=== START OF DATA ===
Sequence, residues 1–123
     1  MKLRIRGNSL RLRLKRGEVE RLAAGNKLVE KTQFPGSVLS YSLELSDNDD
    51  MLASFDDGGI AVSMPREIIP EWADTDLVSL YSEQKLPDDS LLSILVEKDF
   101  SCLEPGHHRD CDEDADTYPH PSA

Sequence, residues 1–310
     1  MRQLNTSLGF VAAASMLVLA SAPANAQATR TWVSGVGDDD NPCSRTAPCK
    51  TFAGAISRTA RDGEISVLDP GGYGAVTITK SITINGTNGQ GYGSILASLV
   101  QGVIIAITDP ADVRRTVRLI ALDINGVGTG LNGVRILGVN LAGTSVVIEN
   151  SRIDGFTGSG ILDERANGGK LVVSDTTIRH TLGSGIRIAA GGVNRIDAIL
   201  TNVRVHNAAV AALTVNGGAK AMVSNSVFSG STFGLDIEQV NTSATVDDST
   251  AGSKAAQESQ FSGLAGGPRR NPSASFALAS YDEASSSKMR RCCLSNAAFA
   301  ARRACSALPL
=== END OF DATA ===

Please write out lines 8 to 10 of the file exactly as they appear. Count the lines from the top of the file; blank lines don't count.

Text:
   101  QGVIIAITDP ADVRRTVRLI ALDINGVGTG LNGVRILGVN LAGTSVVIEN
   151  SRIDGFTGSG ILDERANGGK LVVSDTTIRH TLGSGIRIAA GGVNRIDAIL
   201  TNVRVHNAAV AALTVNGGAK AMVSNSVFSG STFGLDIEQV NTSATVDDST